Lauderdale enjoyed an even spread of contributors in 2018, and this was reflected at the Tasmanian Footy Awards, with Haydn Smith and Rhys Sutton (10 votes each) topping the Bombers’ tally en route to the competition’s top 10. Phil Bellchambers was narrowly behind with nine votes, as was Nat Franklin with eight. However, Josh McGuinness – the Team of the Year vice captain – failed to poll a single vote in one of the surprises of the season.
RACT Insurance Player of the Year:
Phil Bellchambers (nine votes), Josh McGuinness (eight) and Haydn Smith (eight) caught the most attention from the media, all finishing inside the top 10 for votes.
The Rising Star:
Oscar Shaw emerges as a clear choice here, with his rising stocks highlighted by the fact that he manned North Launceston star Tom Bennett in the Grand Final. A nuggetty defender who can play small or tall, the 17-year-old is a fearless competitor who often shows no caution for his own safety, with his willingness to run back with the flight an early trademark of his game.
Tyler Martin is another player to keep an eye on moving forward, as although he missed the back half of the season, he displayed potency inside 50 earlier in the season to become another avenue to goal.
The southern Bombers’ finals campaign has got to be the side’s 2018 highlight, with Darren Winter’s men becoming the first side to make the Grand Final after finishing outside the top four.
The Bombers opened their finals campaign with a 58-point win over Eastern Shore rivals Clarence in the Elimination Final, with a Jacob Gillbee bag of five and Josh McGuinness’ sensational role on Jake Cox, proving influential in securing an emphatic victory, that at one point looked likely to get to beyond 80 points.
Lauderdale backed this effort up in style against Launceston at UTAS Stadium, overcoming an early arm wrestle to record a sensational 72-point win and knock the Blues out of the 2018 finals series.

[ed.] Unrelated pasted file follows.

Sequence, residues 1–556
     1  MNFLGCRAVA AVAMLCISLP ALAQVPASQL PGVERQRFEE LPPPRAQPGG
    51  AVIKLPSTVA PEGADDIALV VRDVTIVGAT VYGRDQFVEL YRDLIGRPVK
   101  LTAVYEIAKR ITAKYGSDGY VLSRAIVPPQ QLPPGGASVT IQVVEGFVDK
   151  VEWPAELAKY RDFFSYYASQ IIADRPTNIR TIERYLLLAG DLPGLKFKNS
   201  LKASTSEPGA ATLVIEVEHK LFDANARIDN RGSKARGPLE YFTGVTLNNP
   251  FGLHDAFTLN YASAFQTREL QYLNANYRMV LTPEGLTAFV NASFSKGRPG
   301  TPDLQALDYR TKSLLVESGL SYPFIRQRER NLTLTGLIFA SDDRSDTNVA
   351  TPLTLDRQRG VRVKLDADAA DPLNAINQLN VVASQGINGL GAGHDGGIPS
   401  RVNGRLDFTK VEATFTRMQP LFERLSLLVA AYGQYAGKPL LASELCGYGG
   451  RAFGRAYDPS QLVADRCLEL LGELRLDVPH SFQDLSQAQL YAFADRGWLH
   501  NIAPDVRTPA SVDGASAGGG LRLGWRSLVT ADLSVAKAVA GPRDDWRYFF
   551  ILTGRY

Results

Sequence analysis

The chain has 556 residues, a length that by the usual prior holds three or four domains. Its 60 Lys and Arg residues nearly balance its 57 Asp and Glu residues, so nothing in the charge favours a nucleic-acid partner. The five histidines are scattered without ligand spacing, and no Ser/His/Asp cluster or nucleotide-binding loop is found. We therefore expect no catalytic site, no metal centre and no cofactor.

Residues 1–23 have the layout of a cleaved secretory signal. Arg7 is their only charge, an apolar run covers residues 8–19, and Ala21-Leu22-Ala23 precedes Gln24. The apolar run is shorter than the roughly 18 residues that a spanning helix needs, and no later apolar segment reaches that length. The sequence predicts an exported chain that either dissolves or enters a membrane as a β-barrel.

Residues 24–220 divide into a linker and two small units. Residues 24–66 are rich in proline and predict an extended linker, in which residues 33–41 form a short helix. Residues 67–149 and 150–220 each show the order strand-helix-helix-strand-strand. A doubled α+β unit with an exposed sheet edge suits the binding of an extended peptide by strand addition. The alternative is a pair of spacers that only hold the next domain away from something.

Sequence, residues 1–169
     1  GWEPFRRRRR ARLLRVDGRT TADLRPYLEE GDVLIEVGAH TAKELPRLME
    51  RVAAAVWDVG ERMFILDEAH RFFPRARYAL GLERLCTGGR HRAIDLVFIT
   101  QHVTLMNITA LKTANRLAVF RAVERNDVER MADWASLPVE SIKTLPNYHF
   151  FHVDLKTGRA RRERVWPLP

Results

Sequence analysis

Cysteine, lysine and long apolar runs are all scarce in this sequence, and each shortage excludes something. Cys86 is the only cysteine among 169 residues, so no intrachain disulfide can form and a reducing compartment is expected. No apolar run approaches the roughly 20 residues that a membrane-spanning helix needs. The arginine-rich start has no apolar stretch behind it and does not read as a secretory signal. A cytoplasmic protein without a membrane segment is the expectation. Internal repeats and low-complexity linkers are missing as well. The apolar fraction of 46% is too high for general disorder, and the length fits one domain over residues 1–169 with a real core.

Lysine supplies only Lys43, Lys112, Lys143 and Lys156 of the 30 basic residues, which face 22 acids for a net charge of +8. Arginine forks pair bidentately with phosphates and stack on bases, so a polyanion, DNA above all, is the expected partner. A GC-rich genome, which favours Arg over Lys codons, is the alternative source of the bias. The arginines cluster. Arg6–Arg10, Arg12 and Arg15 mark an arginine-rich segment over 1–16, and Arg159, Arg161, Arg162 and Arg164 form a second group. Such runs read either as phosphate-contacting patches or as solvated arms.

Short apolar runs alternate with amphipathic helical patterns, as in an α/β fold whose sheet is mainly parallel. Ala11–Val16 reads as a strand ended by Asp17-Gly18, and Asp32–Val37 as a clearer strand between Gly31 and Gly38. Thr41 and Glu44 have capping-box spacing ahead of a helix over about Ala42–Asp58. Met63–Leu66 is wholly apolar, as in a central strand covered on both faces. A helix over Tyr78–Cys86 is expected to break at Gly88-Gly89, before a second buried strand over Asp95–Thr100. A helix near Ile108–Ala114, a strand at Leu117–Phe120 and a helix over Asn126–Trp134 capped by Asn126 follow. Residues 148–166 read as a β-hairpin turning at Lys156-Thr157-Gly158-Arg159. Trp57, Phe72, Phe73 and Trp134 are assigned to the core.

Ed Stanley bobbed up to be the hero on this occasion with seven goals, while Henry Kerinaiua’s bag of four and another stellar effort from Josh McGuinness saw the Bombers march into a second straight Preliminary Final.
And from there, the Bombers also booked a second straight Grand Final appearance, storming home from a five goal deficit with a scintillating nine goal to four second half (and five goal to one final quarter).
Thor Boscott was the fire-starter for the Bombers, kicking four in a strong performance, while Robbie McManus and Henry Kerinaiua continued their strong finals campaigns to make history and book the coastal club’s second ever Grand Final ticket.
While Lauderdale’s successful run throughout the finals series was a clear highlight for the side, a second straight Grand Final loss would have to be the low-light – despite the side putting in a far more competitive performance this time around.
Lauderdale, obliterated in the 2017 decider, forced the Northern Bombers into an arm wrestle 12 months on, and although Lauderdale restricted the reigning premier to seven goals, they only kicked four in response, with North Launceston clinching the flag with a 30-point triumph.
It was a far more competitive performance from Darren Winter’s side this time around, but the hurt of a lost Grand Final makes this the clear lowlight of the season for the club.
2018 In Three Words: Resilient Bombers Impress